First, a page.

The exhibition is free to visit, and booking is not required.
Please note that this exhibition features nudity and sexual themes.
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Olivier Malingue is pleased to present a solo exhibition of Nobuyoshi Araki’s photographs, featuring works spanning the breadth of his career. The selected images offer an overarching view of the leading recurrent subjects that have consumed Araki ever since he published his first photobook in 1970.
A cult figure whose reputation precedes him, Nobuyoshi Araki is arguably Japan's greatest living photographer, and certainly its most controversial. Famous for his eroticised nude and bondage photography, Araki’s practice often challenges social taboos surrounding sex and death, drawing critical attention worldwide, while his inexhaustible creative energy is attested by the 500+ books published over the last five decades.
Nobuyoshi Araki (b. 1940) is a contemporary Japanese photographer. Born in Tokyo, Araki graduated from Chiba University with a degree in film and photography in 1963, and shortly afterwards began working as a commercial photographer at the advertising agency, Dentsu. Whilst there, he met his future wife and muse, Yoko Aoki, whom he married in 1971. Disillusioned with his corporate job, Araki left Dentsu in 1972 and began to self-publish photobooks; one of the earliest, Sentimental Journey (1971), documented his honeymoon. Over the subsequent decades, Araki developed an autobiographical form of photography predicated upon the Japanese 20th century ‘I-novel’ (shi-shosetsu) literary format; another strand of his practice appropriates traditional Japanese art forms, most famously kinbaku rope bondage, to create challengingcompositions loaded with extreme dramatic and erotic tension. Amongst his other favoured subjects are flowers – photographed both in bloom and wilting, in vivid colour, and black and white – and his beloved cat, Chiro, which feature heavily throughout his photobooks, which exceed over 500 to date.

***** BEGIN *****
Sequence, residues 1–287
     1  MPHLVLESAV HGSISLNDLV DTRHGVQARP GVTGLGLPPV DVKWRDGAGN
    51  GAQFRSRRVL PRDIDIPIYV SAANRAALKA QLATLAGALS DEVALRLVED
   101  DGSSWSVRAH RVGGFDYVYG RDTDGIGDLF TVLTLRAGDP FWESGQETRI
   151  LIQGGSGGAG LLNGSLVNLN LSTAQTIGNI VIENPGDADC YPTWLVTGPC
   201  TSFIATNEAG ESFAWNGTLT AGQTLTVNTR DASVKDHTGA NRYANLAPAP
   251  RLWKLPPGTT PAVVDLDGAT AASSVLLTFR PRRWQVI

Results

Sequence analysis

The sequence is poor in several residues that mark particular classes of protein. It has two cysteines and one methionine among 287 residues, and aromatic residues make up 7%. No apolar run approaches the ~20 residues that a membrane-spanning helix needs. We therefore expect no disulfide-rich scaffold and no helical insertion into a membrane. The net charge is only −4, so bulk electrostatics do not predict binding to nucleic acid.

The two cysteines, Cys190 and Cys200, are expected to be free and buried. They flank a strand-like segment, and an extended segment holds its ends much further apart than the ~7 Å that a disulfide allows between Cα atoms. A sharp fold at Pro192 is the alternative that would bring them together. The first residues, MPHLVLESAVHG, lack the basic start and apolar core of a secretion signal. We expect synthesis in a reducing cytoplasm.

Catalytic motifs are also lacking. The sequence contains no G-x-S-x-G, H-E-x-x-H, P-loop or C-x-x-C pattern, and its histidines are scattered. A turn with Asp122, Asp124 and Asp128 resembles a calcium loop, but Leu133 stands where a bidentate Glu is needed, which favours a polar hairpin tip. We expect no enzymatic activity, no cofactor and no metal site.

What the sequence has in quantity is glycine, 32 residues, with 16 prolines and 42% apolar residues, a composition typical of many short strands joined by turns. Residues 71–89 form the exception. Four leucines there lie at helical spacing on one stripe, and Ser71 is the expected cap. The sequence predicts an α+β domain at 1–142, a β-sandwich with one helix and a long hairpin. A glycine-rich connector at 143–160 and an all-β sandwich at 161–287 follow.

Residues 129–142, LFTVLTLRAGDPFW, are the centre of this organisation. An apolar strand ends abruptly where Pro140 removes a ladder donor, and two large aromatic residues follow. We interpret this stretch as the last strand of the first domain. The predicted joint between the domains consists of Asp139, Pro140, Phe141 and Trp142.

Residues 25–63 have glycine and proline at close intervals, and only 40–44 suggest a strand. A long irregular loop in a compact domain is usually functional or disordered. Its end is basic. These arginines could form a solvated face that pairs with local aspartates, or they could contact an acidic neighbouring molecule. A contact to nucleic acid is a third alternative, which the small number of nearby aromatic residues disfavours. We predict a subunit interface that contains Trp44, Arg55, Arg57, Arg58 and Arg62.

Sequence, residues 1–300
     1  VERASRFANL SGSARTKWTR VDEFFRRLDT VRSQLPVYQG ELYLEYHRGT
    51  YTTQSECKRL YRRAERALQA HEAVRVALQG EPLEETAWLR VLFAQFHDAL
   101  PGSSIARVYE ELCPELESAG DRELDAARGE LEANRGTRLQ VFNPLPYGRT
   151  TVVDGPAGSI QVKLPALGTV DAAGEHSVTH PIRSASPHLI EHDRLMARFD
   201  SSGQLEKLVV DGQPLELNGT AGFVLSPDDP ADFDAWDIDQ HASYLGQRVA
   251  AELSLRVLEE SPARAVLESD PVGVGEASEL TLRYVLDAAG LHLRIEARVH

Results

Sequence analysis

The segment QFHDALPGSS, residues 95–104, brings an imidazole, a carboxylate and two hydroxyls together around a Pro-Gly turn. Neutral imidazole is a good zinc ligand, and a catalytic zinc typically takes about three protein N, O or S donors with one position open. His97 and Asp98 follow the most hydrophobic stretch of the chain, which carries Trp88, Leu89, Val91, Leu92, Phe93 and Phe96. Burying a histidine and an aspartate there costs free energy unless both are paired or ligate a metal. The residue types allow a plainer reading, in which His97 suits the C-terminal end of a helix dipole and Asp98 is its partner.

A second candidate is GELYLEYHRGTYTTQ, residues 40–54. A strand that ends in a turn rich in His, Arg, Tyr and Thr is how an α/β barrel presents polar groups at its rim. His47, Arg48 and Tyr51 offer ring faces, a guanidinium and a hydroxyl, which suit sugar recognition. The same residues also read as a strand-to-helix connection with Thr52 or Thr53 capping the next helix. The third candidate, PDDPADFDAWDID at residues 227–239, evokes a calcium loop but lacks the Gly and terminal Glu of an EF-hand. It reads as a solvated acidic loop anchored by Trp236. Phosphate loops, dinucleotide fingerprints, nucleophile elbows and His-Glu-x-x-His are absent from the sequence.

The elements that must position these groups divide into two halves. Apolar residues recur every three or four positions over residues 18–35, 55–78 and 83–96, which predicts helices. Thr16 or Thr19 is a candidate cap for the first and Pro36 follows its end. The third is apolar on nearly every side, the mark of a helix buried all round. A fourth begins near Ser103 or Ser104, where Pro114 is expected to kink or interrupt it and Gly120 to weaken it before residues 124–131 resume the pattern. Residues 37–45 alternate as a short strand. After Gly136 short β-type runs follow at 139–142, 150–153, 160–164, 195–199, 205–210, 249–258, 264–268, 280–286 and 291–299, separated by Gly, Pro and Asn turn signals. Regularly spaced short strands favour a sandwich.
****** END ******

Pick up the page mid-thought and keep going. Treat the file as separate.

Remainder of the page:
Araki won the Shashin-no-kai prize from the Photographic Society of Japan (1990), the 7th Higashikawa International Photo Festival Prize (1991) and the Mainichi Art Award (2012). He has been exhibited in internationally, including at the Musée Guimet, Paris (2016), and the Museum of Sex, New York (2018). His work is included in: the Museum of Modern Art (MoMA), New York; Art Institute of Chicago; San Francisco Museum of Modern Art (SFMoMA); the Fotomuseum Winterthur; the Stedelijk Museum, Amsterdam; and the Tate Collection, London.
Araki continues to live and work in Tokyo, Japan.